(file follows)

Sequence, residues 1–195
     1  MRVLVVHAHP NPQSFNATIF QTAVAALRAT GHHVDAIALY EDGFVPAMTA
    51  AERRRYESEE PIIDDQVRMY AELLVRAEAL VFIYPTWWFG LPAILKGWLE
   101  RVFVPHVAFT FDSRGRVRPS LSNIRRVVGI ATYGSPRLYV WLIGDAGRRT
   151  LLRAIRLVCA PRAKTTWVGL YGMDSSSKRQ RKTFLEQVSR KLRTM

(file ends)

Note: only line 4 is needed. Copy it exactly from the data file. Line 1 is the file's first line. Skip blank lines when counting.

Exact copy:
   101  RVFVPHVAFT FDSRGRVRPS LSNIRRVVGI ATYGSPRLYV WLIGDAGRRT